The Supreme Court reversed the decision and held that the petitioner’s incriminating statements were not admissible at the trial as it was made without a counsel and without being advised of his right to remain silent.
In Spano v. New York (1959), the petitioner was indicted for murder and was subjected to 8 hours of persistent and continuous questioning by police officers and the assistant prosecutor. This questioning was done after the petitioner’s repeated requests to consult his counsel and after repeated denials of such requests. Apparently, the petitioner was steadfast in his refusal to answer questions in accordance with his lawyer’s previous instructions. The petitioner was convicted and sentenced to death after an admission made during the course of the investigation. The admission was made after a childhood friend of the petitioner who was then a low-rank officer was ordered to tell the petitioner that the latter was causing him his job, and to play on the petitioner’s sympathies.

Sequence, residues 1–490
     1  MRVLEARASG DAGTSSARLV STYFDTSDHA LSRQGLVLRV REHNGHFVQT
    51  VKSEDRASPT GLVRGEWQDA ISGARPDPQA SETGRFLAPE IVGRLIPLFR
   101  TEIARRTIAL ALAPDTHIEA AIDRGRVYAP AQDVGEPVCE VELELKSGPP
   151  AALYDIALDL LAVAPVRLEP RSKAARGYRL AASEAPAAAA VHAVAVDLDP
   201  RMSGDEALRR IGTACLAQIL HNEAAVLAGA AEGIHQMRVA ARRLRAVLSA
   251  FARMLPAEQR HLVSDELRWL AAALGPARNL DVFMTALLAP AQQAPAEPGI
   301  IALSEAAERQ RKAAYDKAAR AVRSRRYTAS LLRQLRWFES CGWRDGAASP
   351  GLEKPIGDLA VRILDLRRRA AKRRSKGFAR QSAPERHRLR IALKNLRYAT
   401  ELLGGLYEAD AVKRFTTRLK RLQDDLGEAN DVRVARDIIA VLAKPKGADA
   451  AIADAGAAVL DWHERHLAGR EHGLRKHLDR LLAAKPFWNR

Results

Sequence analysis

The Supreme Court reversed this decision, saying that the confession made during the investigation was in no way voluntary, being made due to official pressure, fatigue and falsely aroused sympathy, and thus, a violation of the Fourteenth Amendment.
In both cases, the Court upheld the procedural rule that statements will be considered inadmissible as evidence during trial if made without the presence or advice of a counsel. The difference between Escobedo (1964) and Spano (1959) lies on the fact that in the former, the petitioner was interrogated before being formally indicted. The inadmissibility of the statement in Spano (1959) is supported by Massiah v. US (1964) which states that “a Constitution which guarantees a defendant the aid of counsel at . . . trial could surely vouchsafe no less to an indicted defendant under interrogation by the police in a completely extrajudicial proceeding. Anything less . . . might deny a defendant `effective representation by counsel at the only stage legal aid and advice would help him.”